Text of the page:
03 November 2011
Case report: Tick-borne encephalitis in two Dutch travellers returning from Austria, Netherlands, July and August 2011
Tick-borne encephalitis (TBE) is not endemic in the Netherlands and diagnostics are seldom requested. Here, we report about the rare event of TBE in two Dutch travellers returning from Austria in July and August 2011. This report serves to create awareness among physicians to consider travel-related TBE in their differential diagnosis of patients with neurological disease returning from TBE virus endemic regions and to promote awareness among professionals advising travellers.
In the Netherlands, tick-borne encephalitis virus (TBEV) is not endemic. Diagnostic requests for TBEV are not common, and, between 2006 and 2011, these averaged 17 per year (range 9–25) for the laboratory of the Netherlands Centre for Infectious Disease Control, which is one of the two laboratories in the Netherlands that perform TBEV diagnostics. Diagnosed imported tick-borne encephalitis (TBE) is also very rare in the Netherlands. A positive anamnesis for a stay in a TBEV endemic area (incubation period of typically 7–14 days) and a tick bite are epidemiological parameters that should lead to undertake a confirmative diagnosis based on positive TBEV IgM and IgG responses. Based on these criteria, in the five-year period from 2006 to 2010, only one person was diagnosed as an acute TBEV case based on IgM and IgG seroconversion (data not shown). The following report describes two cases of tick-borne encephalitis in travellers returning to the Netherlands in the summer of 2011.
Case 1. In mid-July 2011 a Dutch woman in her late fifties presented to the general practitioner emergency post. After a few days of dizziness, non-productive cough and fear of noise, she had, on the day of admission, an acute fever (39 ºC) accompanied with severe headache and muscle pain. Muscle weakness, nausea and vertigo were also present. The weeks before she had made an extensive camping trip in Austria (Prems, Pongau, Imst), followed by two days in the Black Forest (Germany), where she detected a tick on her right buttock. The patient indicated that the tick probably had been present for days. The tick was removed 17 days before admission to the hospital. On clinical examination no neurological abnormalities were detected. On the right buttock there was a red induration of 1 cm in diameter on the location of the tick bite. During the ten days of admission, headache and muscle pain were the main complaints. Serology for borreliosis was negative. Potential infection with TBEV was suspected in an early phase based on the clinical picture (fever and headache) in combination with the registration of a tick-bite and the recent leisure activities in Austria, where TBE is endemic. Serology, using an enzyme-linked immunosorbent assay (Immunozyme FSME IgM and IgG, Progen, Heidelberg, Germany) on a serum sample taken four days upon onset of disease showed high titres of TBEV specific IgM and IgG antibodies, indicative of an active TBEV infection. The patient recovered gradually. One month later she only had some insignificant headache and hypersensitivity to noise.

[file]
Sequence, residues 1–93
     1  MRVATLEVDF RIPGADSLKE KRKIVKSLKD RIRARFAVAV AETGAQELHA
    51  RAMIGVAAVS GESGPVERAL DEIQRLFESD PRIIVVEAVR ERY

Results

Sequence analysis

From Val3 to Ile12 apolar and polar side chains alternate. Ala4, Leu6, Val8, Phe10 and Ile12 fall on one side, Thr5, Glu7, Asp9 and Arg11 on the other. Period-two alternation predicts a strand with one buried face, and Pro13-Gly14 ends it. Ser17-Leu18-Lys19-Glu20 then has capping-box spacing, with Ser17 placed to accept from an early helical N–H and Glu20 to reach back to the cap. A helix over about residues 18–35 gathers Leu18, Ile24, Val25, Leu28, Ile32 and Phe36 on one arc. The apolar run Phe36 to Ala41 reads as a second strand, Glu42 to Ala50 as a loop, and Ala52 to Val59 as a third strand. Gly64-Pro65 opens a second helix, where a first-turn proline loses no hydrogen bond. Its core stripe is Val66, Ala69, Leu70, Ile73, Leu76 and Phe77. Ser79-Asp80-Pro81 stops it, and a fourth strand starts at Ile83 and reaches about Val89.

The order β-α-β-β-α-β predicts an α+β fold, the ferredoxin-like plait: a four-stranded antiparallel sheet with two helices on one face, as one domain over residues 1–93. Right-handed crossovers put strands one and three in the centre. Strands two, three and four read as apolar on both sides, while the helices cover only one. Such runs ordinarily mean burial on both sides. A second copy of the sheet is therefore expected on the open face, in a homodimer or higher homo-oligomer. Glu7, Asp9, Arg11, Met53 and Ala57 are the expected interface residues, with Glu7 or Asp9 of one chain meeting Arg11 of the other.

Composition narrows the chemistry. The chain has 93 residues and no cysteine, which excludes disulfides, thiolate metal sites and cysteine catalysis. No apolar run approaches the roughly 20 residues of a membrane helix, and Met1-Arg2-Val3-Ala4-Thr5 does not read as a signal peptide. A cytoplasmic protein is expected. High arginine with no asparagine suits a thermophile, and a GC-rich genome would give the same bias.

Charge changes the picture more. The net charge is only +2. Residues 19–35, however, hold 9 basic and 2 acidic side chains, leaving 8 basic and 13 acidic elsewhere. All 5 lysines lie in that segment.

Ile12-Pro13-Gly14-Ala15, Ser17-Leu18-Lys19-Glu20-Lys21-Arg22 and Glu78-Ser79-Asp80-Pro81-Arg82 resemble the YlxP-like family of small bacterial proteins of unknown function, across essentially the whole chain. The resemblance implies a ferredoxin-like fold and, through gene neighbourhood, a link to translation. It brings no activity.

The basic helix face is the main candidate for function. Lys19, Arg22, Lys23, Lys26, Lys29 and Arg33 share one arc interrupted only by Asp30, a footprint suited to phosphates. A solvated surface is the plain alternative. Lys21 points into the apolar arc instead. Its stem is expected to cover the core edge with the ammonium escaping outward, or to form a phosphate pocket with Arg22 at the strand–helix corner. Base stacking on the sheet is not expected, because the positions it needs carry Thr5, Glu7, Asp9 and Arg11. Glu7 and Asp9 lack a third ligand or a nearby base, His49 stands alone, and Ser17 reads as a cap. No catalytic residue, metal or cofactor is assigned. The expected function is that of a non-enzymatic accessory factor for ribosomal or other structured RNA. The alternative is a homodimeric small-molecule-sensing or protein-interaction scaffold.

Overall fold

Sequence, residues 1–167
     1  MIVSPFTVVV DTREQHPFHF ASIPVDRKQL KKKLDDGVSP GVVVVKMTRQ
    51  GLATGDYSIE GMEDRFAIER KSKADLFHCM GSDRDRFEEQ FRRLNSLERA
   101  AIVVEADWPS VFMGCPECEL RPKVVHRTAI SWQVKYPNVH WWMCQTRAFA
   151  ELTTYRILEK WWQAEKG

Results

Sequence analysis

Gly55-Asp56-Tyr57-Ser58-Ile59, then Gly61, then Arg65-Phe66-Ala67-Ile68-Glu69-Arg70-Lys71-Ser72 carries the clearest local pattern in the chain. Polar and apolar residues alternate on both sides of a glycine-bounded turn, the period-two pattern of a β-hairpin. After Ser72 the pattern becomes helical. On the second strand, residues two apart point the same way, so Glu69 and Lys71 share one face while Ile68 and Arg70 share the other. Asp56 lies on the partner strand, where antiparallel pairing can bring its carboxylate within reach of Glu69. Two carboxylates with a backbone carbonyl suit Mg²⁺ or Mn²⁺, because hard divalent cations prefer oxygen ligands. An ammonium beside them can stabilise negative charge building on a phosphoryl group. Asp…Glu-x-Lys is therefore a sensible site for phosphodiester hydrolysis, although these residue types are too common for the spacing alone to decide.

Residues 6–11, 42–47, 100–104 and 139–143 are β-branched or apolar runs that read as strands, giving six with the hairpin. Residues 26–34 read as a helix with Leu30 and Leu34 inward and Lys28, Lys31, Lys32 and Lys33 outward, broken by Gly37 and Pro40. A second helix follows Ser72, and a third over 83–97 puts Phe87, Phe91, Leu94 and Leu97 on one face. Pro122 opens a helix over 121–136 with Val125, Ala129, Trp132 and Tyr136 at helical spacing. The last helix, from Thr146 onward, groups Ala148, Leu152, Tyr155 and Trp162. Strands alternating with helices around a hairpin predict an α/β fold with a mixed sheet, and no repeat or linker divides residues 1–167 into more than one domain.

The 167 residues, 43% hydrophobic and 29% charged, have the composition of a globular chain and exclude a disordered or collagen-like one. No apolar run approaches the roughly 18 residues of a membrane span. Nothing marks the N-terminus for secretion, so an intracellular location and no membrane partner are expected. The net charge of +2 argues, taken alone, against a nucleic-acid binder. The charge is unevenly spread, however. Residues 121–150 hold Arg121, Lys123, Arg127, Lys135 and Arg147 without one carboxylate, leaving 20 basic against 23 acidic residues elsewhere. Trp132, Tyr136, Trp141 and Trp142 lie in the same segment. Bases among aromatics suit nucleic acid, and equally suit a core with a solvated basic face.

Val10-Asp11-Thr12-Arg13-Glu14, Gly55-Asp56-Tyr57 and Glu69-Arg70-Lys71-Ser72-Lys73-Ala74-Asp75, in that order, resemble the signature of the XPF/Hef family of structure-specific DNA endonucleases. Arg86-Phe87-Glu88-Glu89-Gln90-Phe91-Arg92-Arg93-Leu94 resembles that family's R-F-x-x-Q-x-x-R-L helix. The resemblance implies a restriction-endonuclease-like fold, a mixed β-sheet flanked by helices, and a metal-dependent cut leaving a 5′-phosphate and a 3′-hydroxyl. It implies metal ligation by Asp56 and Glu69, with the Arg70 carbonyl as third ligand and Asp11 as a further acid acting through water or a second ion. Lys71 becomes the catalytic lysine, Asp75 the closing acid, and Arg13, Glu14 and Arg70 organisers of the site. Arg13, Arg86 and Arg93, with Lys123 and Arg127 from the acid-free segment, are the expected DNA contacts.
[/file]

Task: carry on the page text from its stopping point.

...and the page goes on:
Case 2. At the end of August, a Dutch man in his early forties was admitted to the hospital with a severe headache, fever and fatigue. He also complained about impaired hearing and blurred vision. He had returned from holidays in Austria (Carinthia) 16 days prior to admission. In Austria, the patient had been bitten by a tick in the neck. About a week later the man got fever and severe headaches. He received antibiotic treatment (amoxicillin/clavulanic acid) in Austria and showed recovery. Upon his return in the Netherlands a few days later his headache and fever returned and became more severe. Based on travel history, fever and headache, meningoencephalitis was suspected as differential diagnosis. Cerebrospinal fluid (CSF) and serum were sampled. CSF analysis showed 62 leucocytes per µL (norm: < 5 leucocytes per µL) with a dominance of monocytes (56 per µL (norm: 15–45%). CSF total protein was 909 mg/L (norm: 150–500 mg/L). Herpes simplex virus, varicella zoster virus, enterovirus and parechovirus PCR on CSF were negative. Serology for Lyme disease was negative as well. Initial treatment consisted of ceftriaxone and aciclovir. Infection with TBEV was suspected based on the leisure activities in Austria and the nature and severity of the symptoms. Antibody testing on CSF was positive for TBEV IgG but not for IgM. His serum showed high titres of TBEV specific IgM and IgG antibodies, indicative of a recent TBEV infection. Subsequently, aciclovir and cefriaxone were stopped. The patient recovered slowly. However, seven weeks after his admission to the hospital he still suffers of headache, severe fatigue, hearing impairment, blurred vision and memory problems.
TBEV is the causative agent of TBE, the most important viral tick-borne disease in Europe . The virus is transmitted to humans through bites of infected ticks within minutes of the tick bite. Transmission through consumption of raw milk from infected dairy cattle has also been described. Human-to-human transmission does not occur [1,2-4]. The occurrence of most human cases coincides with the occurrence of questing ticks, roughly from May to November.